French voters are trying to preserve a 35-hour work week in a world where Indian engineers are ready to work a 35-hour day. Good luck. …It's clear to me that Friedman is right. There are smart people all over the world. We have to figure out what we have to offer that's special.
"This is not about wages at all - the whole wage differential thing is going to reduce very quickly," said Rajesh Rao, who heads the innovative Indian game company, Dhruva. It is about people who have been starving "finally seeing the ability to realize their dreams." Both Infosys and Wipro, India's leading technology firms, received more than one million applications last year for a little more than 10,000 job openings. …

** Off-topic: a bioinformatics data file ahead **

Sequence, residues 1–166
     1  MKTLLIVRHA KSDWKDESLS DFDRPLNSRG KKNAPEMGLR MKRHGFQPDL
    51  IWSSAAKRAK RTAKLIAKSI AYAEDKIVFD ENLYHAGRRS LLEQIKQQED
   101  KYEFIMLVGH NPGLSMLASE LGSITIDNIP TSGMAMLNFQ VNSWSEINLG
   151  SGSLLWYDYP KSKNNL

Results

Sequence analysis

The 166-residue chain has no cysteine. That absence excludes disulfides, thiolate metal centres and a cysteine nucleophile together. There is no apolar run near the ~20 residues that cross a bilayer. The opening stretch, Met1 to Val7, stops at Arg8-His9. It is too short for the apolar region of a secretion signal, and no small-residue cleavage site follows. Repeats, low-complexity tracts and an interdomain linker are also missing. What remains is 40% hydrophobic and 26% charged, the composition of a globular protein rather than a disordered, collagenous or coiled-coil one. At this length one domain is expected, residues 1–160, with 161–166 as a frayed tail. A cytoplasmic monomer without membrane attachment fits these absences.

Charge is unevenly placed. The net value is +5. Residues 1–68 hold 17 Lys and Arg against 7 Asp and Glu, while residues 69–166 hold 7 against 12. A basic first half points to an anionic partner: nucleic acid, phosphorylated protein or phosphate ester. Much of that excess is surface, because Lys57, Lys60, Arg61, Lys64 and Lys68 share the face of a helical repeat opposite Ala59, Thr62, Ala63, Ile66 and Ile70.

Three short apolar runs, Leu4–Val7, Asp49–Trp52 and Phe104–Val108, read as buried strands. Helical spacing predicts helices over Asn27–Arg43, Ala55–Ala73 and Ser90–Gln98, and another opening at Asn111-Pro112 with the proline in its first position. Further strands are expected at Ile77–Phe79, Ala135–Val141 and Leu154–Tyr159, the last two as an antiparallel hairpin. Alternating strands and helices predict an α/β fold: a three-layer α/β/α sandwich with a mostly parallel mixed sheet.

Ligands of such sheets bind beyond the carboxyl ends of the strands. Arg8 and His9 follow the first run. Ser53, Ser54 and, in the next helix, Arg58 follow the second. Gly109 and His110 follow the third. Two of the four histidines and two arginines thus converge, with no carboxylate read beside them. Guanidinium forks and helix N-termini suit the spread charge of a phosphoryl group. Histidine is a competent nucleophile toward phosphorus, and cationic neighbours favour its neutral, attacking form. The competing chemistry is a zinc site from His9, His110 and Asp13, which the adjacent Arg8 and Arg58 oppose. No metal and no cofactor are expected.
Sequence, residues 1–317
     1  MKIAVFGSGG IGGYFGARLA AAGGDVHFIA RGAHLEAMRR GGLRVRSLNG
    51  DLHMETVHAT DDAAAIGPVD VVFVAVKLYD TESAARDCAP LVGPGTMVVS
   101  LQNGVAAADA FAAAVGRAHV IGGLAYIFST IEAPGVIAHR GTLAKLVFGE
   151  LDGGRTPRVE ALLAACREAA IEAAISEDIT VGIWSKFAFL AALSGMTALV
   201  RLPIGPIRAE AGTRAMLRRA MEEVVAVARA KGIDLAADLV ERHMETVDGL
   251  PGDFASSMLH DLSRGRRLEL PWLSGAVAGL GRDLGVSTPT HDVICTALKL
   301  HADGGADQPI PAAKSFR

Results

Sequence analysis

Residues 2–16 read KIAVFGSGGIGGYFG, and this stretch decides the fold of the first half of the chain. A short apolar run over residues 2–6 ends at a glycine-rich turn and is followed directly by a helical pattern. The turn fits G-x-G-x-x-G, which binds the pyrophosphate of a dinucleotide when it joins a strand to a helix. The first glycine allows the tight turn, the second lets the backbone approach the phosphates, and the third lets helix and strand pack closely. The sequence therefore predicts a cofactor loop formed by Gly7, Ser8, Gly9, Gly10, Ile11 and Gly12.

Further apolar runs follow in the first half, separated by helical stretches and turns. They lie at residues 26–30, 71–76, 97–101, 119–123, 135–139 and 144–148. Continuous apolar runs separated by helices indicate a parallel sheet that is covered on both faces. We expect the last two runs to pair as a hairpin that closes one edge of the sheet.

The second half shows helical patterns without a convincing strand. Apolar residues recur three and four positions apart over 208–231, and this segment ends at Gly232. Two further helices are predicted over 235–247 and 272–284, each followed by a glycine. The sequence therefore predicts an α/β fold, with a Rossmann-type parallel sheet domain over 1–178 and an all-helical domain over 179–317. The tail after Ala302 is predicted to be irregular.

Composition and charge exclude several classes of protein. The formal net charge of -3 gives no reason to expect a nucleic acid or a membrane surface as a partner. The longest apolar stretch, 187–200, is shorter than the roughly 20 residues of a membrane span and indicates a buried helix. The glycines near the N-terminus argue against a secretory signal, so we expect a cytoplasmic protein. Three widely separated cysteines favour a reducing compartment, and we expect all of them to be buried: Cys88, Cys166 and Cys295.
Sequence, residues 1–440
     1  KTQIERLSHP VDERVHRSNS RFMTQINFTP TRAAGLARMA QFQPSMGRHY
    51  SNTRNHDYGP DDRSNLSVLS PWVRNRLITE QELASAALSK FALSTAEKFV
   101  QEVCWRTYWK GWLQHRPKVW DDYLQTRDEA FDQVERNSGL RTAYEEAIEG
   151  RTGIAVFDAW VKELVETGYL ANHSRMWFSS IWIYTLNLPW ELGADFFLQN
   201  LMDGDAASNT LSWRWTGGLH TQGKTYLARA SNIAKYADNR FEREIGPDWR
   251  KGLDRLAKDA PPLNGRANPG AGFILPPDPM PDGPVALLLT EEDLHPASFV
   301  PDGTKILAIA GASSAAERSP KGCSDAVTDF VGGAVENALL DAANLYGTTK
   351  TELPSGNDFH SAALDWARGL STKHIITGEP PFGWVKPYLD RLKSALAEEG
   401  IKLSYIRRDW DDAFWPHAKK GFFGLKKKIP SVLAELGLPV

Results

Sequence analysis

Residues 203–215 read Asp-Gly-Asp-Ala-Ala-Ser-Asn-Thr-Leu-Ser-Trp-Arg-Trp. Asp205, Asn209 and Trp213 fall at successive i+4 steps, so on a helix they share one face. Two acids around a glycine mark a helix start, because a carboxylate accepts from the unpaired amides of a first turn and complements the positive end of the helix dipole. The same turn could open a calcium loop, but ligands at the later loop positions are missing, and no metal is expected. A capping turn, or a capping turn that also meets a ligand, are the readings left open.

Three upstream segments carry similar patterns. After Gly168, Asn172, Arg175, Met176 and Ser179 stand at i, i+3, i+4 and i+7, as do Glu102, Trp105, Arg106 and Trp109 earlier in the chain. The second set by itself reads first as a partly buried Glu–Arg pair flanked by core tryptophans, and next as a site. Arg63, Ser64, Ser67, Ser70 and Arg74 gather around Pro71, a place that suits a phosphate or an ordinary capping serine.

[T]his is a bad time for France and friends to lose their appetite for hard work - just when India, China and Poland are rediscovering theirs.
In my opinion it's our relative open-mindedness, our relative intellectual flexibility, our relative lack of corruption [I heard an NPR report on Iraqi justice. An Iraqi said that it was the same as ours, money counts. "You pay your lawyers; we pay our judges, but it amounts to the same thing."], our relative rule of law, and our relative freedom. If the Bush administration doesn't destroy our primary advantages, I think we'll do ok.